Encephalartos aplanatus – Vorster (1996)
(Eng.), xxx broodboom (Afr.), XXX (Xh)
Encephalartos aplanatus lacks aerial stems and has a mostly subterranean habit. Plants are solitary with an exposed apex. Branching or suckering does not occurs as is the case with E. villosus.
The plant has few leaves, 2-6 normally, with occasionally 8 per plant. Young leaves are erect and arching but becomes almost horizontal with age. Young leaves are covered in fine hair but this is lost as the leaves get older. Leaves can grow to 3.5m long with a petiole of 200mm. The petiole and lower rachis is covered in a whitish indumentum.
The pinnae are directed towards the apex and opposing leaflets are inserted at 180 degrees to each other. The lower pinnae are progressively reduced to prickles. Median pinnae are narrowly ovate, tapers to an acute but not pungent tip with both margins sparsely dentate, very rarely entire. Median pinnae are up to 300mm long, 40mm wide and dark glossy green in colour.
Pollen cones number up to 3 per plant. They are up to 650mm long, 80mm to 100mm in diameter and the peduncle can be up to 220mm long. The male strobili emerge green but turn a pale yellow when mature. The exposed part of microsporophylls are flat, smooth and hairless. A female plant bears one or two cones. They can be up to 400mm long and 120mm in diameter. Peduncles are stout and up to 60mm long. The exposed faces of megasporophylls are flat, smooth and also hairless, like the microsporophylls. The facets are indistinct with sharp abaxial ridges. The cones appear in January, mid summer, pollen is shed in mid autumn and the female cones disintegrate in early to mid Spring. Seeds are ellipsoid, about 25mm long and 13mm to 15mm in diameter. The sarcotesta is bright red.
Distribution & Habitat
The species is endemic to, and occurs only in a small area in the north eastern part of Swaziland. It occurs in the shade of deciduous, fairly dry ravine forest. It is not known to occur with E. villosus or E. umbeluziensis. On a field expedition by the author of the taxon, only one colony was found and plants were scattered and not very healthy. Searching known localities where the species occurred in the 1940’s also proved to be fruitless. It is possible that E. aplanatus was never abundant in the wild and to compound matters, the species has been collected to near extinction.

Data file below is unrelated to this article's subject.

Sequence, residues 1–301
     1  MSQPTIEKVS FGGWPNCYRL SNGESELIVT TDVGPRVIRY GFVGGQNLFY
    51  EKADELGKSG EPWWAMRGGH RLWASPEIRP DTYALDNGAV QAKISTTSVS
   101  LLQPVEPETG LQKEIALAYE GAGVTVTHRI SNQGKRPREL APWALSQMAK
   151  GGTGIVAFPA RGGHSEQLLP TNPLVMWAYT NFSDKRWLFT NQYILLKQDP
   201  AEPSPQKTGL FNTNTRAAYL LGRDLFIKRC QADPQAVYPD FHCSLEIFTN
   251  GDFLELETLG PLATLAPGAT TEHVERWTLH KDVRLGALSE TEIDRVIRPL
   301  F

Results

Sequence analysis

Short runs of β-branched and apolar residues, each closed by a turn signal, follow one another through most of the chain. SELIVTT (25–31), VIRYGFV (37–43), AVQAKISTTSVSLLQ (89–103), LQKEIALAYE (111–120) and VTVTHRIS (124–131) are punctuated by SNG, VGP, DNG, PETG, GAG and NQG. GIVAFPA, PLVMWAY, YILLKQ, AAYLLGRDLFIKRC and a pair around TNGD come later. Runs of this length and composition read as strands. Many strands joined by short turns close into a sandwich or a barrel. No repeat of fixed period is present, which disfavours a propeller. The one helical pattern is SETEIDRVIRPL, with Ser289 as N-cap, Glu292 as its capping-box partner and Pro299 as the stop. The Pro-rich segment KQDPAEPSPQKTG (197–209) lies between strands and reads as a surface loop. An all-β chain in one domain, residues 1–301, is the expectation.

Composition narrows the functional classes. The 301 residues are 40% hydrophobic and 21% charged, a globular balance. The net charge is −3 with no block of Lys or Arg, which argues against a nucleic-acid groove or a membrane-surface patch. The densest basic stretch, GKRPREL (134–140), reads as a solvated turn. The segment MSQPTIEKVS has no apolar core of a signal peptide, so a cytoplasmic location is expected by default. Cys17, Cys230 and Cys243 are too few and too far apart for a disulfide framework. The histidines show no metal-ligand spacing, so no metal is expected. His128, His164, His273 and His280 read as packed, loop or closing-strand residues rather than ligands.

Cultivation & Propagation
E. aplanatus can be treated much the same as E. villosus given that the two species are closely related and have a similar habitat. They like shade and well drained soils. Propagation is by seed. Unlike E. villosus, E. aplanatus does not sucker to form clumps.
E. aplanatus was figured under E. villosus by Dyer (1947) until it was described as a distinct species by Vorster. The two species have nearly identical cones, the same acaulescent habit and small number of leaves, 6-10 only. It is differentiated solely on vegetative characteristics instead of differences in the reproductive structures. The leaves are longer, 3,5m as opposed to 2,5m in E. villosus, often shortly petiolate instead of sessile and pinnae are larger, more dentate and the margins are twisted out of plane or undulate.
Recent research found two related but distinct species of Porthetes beetles present in both E. aplanatus and E. villosus cones. These species are restricted to their specific host cycad species and may provide additional support for the recognition of E. aplanatus. Since the closest occurrence of E. villosus is 100km away, E. aplanatus is not considered to be a hybrid involving that species.